capacity have been spreading and deepening across the European Union and beyond since the 1980s(Danson, Halkier and Bellini, 2012). The delivery of EU Structural Funds has paralleled this evolution toincreasingly becoming formalised as regional level implementation of operational programmes, andabsorption of funds acquired through transparent proposals and bidding (CEC, 2015).Figure 1. Drivers for Regional Triple Helix DynamicsConsistent with these changes has been the engagement of a wider set of players within the regionaleconomy in established regions that drive competitiveness by drawing on and encouraging closercollaborations between the major indigenous resources and local assets. Figure 1 also illustrates some ofthe tensions in the regional triple helix model, and in particular – the development of evaluationmethodologies for analysis of university and private sector innovation capabilities that require a globaloutreach. To understand better how these elements of the triple helix are being facilitated to cooperatebelow the level of the state, this special issue brings together studies from across Europe to illustratesome of the policies, initiatives and practices under formation and implementation.3. Regional Dimensions of the Triple Helix Model: Concepts and PerspectivesThe triple helix model itself represents a complex set of layers of actors and relationships, where theagglomeration effects are not a simple sum of micro-level outcomes (Moulaert and Sekia, 2003). Thenational system level exhibits substantially different drivers, actions and outputs, compared with theprocesses at regional level. The contributions in this special issue investigate specific aspects of theuniversity–industry–government constellation in a number of European regions and countries. Authors5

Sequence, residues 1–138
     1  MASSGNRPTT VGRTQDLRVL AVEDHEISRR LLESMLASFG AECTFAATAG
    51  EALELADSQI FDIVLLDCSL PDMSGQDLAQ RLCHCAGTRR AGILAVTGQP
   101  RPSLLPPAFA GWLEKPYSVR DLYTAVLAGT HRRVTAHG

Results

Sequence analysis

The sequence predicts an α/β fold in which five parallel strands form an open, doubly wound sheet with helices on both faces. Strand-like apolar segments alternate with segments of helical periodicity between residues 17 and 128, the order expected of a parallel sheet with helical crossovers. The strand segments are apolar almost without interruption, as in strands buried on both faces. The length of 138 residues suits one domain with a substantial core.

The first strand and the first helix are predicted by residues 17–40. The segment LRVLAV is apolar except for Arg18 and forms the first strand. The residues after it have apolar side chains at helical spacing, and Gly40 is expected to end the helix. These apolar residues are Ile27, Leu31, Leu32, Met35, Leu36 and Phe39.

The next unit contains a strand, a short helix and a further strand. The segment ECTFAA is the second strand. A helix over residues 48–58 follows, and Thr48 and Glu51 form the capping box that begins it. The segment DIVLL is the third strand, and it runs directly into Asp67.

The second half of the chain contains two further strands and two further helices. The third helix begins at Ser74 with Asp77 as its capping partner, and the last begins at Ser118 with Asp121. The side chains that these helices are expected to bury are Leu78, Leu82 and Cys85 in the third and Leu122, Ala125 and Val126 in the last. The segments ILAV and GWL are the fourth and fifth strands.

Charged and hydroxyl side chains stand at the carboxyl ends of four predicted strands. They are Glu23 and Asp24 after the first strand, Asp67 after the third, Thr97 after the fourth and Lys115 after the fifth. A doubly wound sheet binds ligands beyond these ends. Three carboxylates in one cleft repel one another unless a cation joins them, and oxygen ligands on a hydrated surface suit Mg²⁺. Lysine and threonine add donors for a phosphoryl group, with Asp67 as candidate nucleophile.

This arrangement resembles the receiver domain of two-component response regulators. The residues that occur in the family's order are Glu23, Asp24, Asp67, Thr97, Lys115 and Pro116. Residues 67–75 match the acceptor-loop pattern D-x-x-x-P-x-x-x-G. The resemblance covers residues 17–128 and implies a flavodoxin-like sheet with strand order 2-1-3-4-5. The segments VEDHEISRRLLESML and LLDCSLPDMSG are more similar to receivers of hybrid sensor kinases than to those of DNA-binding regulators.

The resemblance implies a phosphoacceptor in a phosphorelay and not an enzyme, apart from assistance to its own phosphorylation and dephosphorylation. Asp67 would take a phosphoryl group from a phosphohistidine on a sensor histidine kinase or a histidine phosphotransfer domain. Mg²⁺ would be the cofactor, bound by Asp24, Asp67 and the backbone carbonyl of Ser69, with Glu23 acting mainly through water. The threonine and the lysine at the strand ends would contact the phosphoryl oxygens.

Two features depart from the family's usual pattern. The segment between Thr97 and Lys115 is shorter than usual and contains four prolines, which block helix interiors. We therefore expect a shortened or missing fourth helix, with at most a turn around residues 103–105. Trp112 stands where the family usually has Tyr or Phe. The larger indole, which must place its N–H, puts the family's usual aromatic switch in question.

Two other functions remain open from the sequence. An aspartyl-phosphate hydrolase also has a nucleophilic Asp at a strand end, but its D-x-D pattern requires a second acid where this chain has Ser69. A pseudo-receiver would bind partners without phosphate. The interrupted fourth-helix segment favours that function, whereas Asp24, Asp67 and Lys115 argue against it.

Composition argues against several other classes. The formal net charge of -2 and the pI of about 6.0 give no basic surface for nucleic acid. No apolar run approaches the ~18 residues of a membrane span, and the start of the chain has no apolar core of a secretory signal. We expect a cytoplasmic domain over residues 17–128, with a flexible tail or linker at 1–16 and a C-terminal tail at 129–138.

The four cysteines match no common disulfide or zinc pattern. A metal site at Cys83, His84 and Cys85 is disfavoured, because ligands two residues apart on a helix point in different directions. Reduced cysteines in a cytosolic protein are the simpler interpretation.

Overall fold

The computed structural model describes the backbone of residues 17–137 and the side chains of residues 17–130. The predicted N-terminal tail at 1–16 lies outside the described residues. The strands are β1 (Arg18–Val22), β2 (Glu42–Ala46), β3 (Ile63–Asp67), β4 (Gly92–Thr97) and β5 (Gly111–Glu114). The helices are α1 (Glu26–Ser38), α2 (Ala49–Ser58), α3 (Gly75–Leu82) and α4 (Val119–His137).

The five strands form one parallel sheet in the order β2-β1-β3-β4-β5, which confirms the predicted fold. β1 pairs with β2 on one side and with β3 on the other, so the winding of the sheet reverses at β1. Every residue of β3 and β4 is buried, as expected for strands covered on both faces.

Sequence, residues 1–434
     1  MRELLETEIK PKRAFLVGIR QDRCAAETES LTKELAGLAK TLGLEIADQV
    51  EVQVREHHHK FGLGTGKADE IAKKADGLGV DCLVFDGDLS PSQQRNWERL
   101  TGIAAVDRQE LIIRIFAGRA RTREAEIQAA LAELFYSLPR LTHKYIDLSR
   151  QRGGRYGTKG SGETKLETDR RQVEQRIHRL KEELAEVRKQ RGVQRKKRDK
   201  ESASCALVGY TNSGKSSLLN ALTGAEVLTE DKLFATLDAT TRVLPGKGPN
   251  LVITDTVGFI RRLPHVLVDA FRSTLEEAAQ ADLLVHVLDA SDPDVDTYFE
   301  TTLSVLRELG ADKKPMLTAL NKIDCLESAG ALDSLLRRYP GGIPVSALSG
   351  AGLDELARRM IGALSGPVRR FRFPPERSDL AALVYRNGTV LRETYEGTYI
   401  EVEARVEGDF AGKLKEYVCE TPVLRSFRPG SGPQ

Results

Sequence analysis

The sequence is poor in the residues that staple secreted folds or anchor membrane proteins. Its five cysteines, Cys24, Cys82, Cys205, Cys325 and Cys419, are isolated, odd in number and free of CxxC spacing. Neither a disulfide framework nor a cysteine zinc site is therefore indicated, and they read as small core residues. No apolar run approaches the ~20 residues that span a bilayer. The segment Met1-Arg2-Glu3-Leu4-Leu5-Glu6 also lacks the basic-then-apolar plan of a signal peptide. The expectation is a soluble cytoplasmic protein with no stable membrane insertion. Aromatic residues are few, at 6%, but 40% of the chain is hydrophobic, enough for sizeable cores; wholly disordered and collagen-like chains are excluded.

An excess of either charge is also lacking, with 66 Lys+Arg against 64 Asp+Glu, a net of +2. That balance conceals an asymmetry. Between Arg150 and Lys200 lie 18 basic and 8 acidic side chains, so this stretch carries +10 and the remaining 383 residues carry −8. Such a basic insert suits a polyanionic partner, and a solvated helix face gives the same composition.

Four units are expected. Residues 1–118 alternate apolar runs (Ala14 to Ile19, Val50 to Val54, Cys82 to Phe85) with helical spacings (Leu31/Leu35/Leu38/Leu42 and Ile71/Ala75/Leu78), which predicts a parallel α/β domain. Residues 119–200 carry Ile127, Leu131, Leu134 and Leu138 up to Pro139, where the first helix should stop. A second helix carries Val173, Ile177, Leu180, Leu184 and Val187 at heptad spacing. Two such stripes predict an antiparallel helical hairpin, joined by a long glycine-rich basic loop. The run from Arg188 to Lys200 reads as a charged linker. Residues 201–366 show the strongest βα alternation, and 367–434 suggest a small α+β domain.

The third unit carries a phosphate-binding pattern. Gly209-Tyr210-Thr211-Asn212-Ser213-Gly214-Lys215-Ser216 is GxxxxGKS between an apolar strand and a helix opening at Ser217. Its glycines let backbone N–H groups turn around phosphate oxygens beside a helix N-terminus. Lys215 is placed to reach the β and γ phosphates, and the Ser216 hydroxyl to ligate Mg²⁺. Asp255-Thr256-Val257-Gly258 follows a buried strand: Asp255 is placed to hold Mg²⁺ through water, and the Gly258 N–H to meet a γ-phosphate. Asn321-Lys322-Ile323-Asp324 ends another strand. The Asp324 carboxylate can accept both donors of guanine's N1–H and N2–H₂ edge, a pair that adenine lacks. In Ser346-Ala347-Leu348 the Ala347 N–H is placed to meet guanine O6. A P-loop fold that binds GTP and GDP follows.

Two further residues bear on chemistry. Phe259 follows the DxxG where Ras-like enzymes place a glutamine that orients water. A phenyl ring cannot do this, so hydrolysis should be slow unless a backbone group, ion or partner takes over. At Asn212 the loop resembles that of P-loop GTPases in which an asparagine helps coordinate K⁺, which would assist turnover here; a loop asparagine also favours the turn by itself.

interrogate different elements of the triple helix model that induce regional differentiation effects (Table1).The series of papers starts with a theoretical piece by Danson and Todeva, which begins the discussionwith the philosophical concept of governmentality as the organized practices (mentalities, rationalities,and techniques) through which governments try to produce policies and interventions best suited to fulfilcitizens’ aspirations. Through the concepts of governmentality, governance and administration theauthors explain the entanglement of power, culture and practice as a distinctive regional triple helixcontext. The justification of this approach is adopted from the Europe-wide policy orientation towardsregionalism and subsidiarity.Table 1. Regional Dimensions of the Triple Helix Model: Concepts and Perspectives, by article in thisspecial issueDanson & TodevaAranguren, Guibert,Valdaliso, WilsonGovernmentality andregional governance;Academic institutionsas catalysts of change;Structure of government;Regionalism andsubsidiarity;Regional developmentagencies as Triple Helixactors;Value creation and valuecapture in the TripleHelix;GustavssonGebhardt & StanovnikKerry & DansonIndustrial andcollaborative PhDs;Multi-level governanceof innovation;Globalisation and deterritorialisation ss,long-term and shortterm benefits;European regionalinnovation policy;Catapultinnovationcentres in theUK;Knowledge andlearning as a source ofcompetitive advantage;University outputs andparticipation in theentrepreneurial processEndogenous growthmodel;Critical successfactors for universityindustry collaborationComplex projects;Capability and capacityof government;Regional innovationstrategies;Intermediaries;Sources ofcompetitiveness;InnovationcapacityInnovation clustersStakeholder coalitionsDanson and Todeva discuss how the structure of government generates a differential policy approach toregional economic growth, and what is the rationale for creating an institutionalized authority at themezzo level to engage with local stakeholders and deliver localized solutions in terms of value creationand value capture. The paper makes an important observation that, from an institutional perspective, itis difficult to conceptualise regional government agencies and other regional institutions as having aunique and distinctive impact, as all of them are entangled in the policy implementation practice withmultiple national, as well as localised stakeholders. Further, this introductory paper recognises thatregional development agencies are leading stakeholders themselves. Allocative decisions at a regional6